Welcome to The Hot-Desk. You never quite know who's going to be sitting here, and what they'll be talking about!
Bala Tikkisetty is a sustainable agriculture advisor at Waikato Regional Council.
This week, Bala's wormed his way in to tell us some cool stuff about these little wrigglers. It's a dirty job, but someone's gotta do it. Maybe by the time you've finished reading, you'll be less "yuck" and more "yay" the next time you see an earthworm!
Earthworms are indicators of soil health.
There are nearly 200 species of earthworms in New Zealand but only a few introduced species are beneficial to agriculture. There are many species of native earthworms, but these seldom occur in developed soils. The most commonly found species in such soils originated in Europe and arrived with early Pakeha settlers.
These introduced earthworms are, in fact, essential to the development of fertile productive soil. They act as biological aerators and physical conditioners of the soil, improve soil porosity, structure, aggregate stability and water retention.
Earthworms also increase the population, activity and diversity of soil microbes, such as mycorrhizal fungi. These microbes play a vital role in the supply of nutrients to pasture unlocking certain nutrients.
Soils without enough of the right type of earthworms are usually poorly structured and tend to develop a turf mat or thatch of slowly decomposing peat-like material at the surface. Old dung and dead plant material lie about the surface.
Plant nutrients tend to remain locked in the organic layer and there is poor absorption of applied fertiliser.
Plants roots in such soils are relatively shallow and pastures are therefore susceptible to drought.
And water runs off this type of pasture more easily rather than being absorbed into the soil, increasing water quality problems.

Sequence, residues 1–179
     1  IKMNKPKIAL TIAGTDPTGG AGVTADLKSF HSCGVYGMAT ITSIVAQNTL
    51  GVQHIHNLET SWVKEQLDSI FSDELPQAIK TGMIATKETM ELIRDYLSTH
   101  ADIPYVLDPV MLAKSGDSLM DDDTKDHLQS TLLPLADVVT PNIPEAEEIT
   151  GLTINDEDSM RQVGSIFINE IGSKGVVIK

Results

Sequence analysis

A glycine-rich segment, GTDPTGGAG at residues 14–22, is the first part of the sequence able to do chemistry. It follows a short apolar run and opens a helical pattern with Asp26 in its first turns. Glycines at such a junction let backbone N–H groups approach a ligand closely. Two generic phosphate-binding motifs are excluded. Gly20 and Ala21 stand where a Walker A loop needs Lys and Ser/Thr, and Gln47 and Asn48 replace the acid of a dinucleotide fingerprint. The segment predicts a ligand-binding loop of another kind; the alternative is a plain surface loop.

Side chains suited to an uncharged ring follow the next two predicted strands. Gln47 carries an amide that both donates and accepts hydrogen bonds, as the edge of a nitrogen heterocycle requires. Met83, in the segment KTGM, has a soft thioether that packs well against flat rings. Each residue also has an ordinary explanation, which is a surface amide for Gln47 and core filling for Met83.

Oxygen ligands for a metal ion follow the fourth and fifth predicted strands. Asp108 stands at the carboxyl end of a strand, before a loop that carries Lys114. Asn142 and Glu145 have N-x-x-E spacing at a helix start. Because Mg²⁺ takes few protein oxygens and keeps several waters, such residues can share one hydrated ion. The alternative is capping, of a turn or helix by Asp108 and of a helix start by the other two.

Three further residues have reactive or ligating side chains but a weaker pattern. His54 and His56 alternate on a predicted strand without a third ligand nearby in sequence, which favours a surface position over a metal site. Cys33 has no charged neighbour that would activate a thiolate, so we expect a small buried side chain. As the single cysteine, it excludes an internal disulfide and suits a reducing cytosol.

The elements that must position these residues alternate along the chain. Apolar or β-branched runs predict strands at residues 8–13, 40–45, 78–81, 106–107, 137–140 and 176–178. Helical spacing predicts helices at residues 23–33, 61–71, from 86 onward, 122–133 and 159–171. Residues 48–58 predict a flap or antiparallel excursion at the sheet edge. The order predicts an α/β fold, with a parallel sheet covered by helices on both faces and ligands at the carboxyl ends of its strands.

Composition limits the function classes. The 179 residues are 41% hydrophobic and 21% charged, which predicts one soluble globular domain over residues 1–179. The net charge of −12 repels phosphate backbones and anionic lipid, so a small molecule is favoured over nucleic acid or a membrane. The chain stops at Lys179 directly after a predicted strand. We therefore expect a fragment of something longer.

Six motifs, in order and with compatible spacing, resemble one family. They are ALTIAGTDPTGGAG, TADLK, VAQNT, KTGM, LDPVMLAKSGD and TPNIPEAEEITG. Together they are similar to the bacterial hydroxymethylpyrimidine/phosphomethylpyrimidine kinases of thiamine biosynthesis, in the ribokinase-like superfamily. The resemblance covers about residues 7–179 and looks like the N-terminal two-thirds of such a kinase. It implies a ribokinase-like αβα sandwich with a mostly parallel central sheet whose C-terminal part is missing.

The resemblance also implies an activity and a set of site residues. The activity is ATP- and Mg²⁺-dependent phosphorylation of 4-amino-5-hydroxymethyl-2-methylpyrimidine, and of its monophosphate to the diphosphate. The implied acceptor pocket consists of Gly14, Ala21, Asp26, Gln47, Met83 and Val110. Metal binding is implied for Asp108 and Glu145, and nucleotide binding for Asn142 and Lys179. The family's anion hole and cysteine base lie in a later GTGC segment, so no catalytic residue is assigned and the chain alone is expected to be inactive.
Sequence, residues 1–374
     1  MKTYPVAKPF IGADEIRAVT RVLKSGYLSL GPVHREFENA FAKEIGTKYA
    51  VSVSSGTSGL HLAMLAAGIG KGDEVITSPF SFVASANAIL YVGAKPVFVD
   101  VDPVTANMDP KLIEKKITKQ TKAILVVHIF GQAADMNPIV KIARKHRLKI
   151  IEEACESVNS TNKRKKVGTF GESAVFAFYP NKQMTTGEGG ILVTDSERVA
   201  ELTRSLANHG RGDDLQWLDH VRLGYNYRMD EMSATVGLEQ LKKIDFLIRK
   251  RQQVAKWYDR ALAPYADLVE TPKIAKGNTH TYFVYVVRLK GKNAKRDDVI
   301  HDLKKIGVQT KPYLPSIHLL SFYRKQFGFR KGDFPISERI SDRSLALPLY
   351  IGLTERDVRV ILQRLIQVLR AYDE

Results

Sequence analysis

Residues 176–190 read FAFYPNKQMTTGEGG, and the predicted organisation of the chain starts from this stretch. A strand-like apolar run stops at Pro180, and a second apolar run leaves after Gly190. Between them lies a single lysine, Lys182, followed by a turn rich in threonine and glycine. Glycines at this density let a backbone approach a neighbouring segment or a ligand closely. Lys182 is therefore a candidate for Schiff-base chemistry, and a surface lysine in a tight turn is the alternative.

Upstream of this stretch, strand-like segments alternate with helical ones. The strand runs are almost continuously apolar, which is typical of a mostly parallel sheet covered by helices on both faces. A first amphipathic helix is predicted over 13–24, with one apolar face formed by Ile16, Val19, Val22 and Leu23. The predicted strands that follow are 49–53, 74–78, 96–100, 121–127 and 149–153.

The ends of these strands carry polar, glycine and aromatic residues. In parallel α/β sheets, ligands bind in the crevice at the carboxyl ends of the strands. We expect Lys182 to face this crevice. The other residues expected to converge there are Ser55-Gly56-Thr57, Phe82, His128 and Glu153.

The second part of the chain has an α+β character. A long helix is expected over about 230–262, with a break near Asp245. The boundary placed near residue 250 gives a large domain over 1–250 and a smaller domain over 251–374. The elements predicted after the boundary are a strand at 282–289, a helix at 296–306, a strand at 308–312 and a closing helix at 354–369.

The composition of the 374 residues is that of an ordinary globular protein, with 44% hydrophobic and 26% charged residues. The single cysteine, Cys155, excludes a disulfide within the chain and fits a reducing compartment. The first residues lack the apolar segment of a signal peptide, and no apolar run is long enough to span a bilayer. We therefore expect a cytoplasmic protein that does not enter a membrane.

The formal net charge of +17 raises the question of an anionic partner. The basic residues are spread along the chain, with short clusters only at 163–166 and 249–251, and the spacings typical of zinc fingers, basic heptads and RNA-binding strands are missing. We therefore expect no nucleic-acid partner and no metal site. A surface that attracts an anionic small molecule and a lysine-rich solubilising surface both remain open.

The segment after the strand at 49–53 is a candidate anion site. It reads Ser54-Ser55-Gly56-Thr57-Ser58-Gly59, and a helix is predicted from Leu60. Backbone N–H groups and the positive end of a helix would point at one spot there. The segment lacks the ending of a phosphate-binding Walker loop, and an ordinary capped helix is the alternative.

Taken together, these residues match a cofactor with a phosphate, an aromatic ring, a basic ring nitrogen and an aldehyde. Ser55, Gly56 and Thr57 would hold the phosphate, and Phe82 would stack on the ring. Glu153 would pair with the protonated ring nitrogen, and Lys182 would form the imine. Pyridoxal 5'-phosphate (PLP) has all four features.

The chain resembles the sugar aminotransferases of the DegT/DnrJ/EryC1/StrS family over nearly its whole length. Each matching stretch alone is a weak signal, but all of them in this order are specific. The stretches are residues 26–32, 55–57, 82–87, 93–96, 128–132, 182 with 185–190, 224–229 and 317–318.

These factors can naturally inhibit pasture and crop production.
To help avoid these types of problems, soils should have a good diversity of relevant earthworm species.
The most common species in New Zealand is Aporrectodea calignosa, a topsoil dweller. This earthworm grows up to 90 millimetres long and may vary in colour from grey to pink or cream. Another very commonly introduced earthworm is Lumbricus rubellus, a surface dweller. Often found under cow pats, this earthworm will grow up to 150 mm long. It is reddish-brown or reddish-purple colouring with a pale underside and flattened tail. Aporrectodea longa live in burrows as deep as 2-3 metres below the surface.
Earthworm functional groups are:
Epigeic earthworms feed on organic matter on the soil surface and do not form permanent burrows.
Endogeic earthworms ingest topsoil and its associated organic matter, forming semi-permanent burrows.
Anecic earthworms draw organic matter from the soil surface into their deep, permanent burrows to feed on.
Undertaking an earthworm count will let farmers know if they have enough of the right type. Counts can be done by taking out a 20 centimetre cube of soil with a spade. Aim to have an earthworm number of between 30 and 35 in that cube.
If soils are scoring low, then there are ways to increase the populations:
Also, moist soils promote earthworm spread and activity and more will remain active in topsoil during summer under irrigation.
Direct drilling and no tillage cultivation methods is another way to promote help earthworm numbers. Use a mould board or disc plough rather than a rotary hoe. Cropping farms should include a phase of pasture in their cropping rotation to increase organic matter returns.
Ideally the weight of earthworms below healthy productive pastures is equivalent to the weight of animals grazing above ground.